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on 15 July 2010
Once I started reading 'Nothing to Envy' I couldn't put it down. I've read several books on North Korea but this is probably the broadest and most human book I have read. It gives us fascinating insights into all of the strangest and cruellest aspects of the regime: the gulags, the cult of personality, the military, the class structure, the difficulties in integrating into a different country and an extremely disturbing and heartbreaking account of the famine. The stories come from a collection of 6 different North Koreans who eventually fled and defected to South Korea; amongst them are two young lovers - one an academic and one an elementary school teacher; a doctor; an orphaned boy; and a faithful communist and seemingly unwavering "believer" in the regime. One of the more interesting angles in the book are that all of the characters live and work in the North Eastern city of Chongjin (North Korea's 3rd largest city) which gives us a greater insight into the "real" North Korea that exists outside the show capital of Pyongyang. I'd definitely recommend this book to anybody interested in North Korea and it would also be a great starting point for those who don't know too much about the regime but are interested to learn as it is very broad and covers many aspects of what it is like for North Koreans. And to top it all of Barbara Demick's writing is beautiful - there are many memorable lines and images that she creates.
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on 28 April 2010
I cannot recommend this book enough. Not only is Barbara Demick's prose an engaging style, but the subject-matter is compelling. To coin a cliche, it paints a highly evocative picture of everyone in North Korea enduring a lifestyle like that of the proles in 1984, while subject to a level of control over their lives more akin to that of the members of the Outer Party. In this, North Korea is worse than 1984, for the slogan 'Proles and Animals are free' doesn't apply in North Korea - NO-ONE is free.

If there is any criticism, it is merely that although it was written in 2009, it relates to the events of the 1990s. Screaming away in my mind was a voice asking 'what's it been like since?'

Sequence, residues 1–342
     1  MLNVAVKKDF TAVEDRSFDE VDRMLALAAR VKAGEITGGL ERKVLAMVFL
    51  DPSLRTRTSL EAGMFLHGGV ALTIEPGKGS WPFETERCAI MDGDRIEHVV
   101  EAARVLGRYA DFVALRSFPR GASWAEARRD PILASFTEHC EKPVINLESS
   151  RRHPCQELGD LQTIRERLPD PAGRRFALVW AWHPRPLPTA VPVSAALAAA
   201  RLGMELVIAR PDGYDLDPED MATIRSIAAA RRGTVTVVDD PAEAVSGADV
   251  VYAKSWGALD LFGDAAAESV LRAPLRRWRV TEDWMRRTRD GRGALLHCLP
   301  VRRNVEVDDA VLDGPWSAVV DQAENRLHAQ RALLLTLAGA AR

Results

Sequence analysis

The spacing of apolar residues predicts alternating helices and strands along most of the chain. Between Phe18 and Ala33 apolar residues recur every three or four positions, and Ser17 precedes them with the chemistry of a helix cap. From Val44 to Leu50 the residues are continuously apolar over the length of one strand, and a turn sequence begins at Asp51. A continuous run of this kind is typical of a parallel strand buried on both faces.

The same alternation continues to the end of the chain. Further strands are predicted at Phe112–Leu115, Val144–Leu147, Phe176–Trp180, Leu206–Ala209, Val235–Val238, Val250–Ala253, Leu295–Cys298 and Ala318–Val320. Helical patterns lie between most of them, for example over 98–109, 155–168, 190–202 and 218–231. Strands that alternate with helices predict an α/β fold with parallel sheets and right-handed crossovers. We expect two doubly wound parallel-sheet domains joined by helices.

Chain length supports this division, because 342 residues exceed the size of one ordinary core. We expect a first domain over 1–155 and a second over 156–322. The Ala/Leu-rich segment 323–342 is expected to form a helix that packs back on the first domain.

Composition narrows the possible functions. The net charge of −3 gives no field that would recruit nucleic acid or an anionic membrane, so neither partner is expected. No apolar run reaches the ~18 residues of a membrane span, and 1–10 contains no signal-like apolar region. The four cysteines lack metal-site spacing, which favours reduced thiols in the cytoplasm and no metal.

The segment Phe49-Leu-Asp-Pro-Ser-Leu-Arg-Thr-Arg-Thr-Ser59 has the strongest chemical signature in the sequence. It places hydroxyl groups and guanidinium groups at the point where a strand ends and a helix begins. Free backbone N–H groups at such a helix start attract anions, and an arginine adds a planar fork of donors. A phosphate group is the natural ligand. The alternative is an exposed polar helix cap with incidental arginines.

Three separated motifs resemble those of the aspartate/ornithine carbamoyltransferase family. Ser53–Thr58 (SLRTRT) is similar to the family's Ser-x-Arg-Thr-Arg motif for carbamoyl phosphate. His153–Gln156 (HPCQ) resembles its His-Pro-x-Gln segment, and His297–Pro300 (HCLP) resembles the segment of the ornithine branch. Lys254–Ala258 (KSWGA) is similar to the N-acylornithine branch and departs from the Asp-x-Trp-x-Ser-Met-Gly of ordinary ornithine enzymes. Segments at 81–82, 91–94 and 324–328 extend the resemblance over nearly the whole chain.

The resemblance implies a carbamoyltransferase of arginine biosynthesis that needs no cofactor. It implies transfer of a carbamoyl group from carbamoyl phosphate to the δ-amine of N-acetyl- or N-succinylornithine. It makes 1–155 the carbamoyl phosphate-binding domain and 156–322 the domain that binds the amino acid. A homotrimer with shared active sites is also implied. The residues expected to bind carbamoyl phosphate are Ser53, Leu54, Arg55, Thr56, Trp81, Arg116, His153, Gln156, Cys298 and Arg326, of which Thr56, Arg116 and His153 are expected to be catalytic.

Mark Iles
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on 4 April 2011
I bought this book after reading an article on BBC News on how it had won an award. I became interested in North Korea when I decided to write my A Level History coursework on the totalitarian regime there, but ultimately gave up and switched to Germany due to just how difficult it is finding information on this secretive country - a country where foriegners are only allowed to visit the capital, Pyongyang, accompanied by two minders to make sure they don't see anything the state doesn't want them to see. A country where most ordinary citizens are not even allowed to visit their own capital, with only party members or promising academics allowed to live there.

This book not only offers an insight into the real lives of six North Koreans, and puts human names and faces on the statistics, but taught me several things I didn't even know. I knew there had been a famine in North Korea in the 90s, but I did not know how severe it actually was. This is possibly due in part to my age - I was born in '89, so I was too young to pay attention to any news broadcasts about it we may have had at the time. I didn't know that people were reduced to eating husks and the bark off of trees, with grass to create the illusion of vegetables. I didn't know that North Korea ended up losing most aid that was given, as it would only show the healthiest children when aid agencies came to see the extent of the famine, who then had to conclude they didn't need as much aid as they thought, and that the aid they did get was mostly confiscated by the military and sold for profit on the black market instead of being properly distributed.
I didn't know that it was so bad teachers would watch their students starve while eating their own lunches down to the last kernal of corn - it may be difficult to grasp for us, how they would not share their food with starving children - but they had to switch off, to stop themselves caring - "it was either that or go insane." I didn't know that it became commonplace to walk around bodies in the street, or that doctors were expected to donate their own skin to give skin grafts to patients.
I didn't know that the country has virtually no electricity - a satellite photo at the start of the book shows South Korea blazing with light, and to the north, just a black expanse, except for one small glow that is Pyongyang, the only place that has electricity around the clock.